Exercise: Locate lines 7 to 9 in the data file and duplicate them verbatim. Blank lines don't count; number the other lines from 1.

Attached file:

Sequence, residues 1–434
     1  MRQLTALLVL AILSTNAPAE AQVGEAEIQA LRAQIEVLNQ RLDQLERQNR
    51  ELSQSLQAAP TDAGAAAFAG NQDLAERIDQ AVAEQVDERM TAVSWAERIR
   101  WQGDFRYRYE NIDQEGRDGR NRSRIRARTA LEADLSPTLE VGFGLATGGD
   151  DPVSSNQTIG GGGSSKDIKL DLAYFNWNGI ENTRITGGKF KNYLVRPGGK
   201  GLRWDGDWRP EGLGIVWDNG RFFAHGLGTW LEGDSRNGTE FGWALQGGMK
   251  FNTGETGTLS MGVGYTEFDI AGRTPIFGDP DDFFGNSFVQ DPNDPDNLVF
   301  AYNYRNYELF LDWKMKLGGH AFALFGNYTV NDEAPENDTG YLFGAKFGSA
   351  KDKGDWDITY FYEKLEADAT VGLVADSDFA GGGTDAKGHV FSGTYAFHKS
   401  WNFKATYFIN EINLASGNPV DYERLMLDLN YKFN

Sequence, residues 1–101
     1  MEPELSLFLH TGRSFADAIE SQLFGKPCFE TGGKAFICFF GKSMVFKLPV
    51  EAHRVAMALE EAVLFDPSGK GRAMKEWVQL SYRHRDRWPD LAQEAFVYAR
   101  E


   251  FNTGETGTLS MGVGYTEFDI AGRTPIFGDP DDFFGNSFVQ DPNDPDNLVF
   301  AYNYRNYELF LDWKMKLGGH AFALFGNYTV NDEAPENDTG YLFGAKFGSA
   351  KDKGDWDITY FYEKLEADAT VGLVADSDFA GGGTDAKGHV FSGTYAFHKS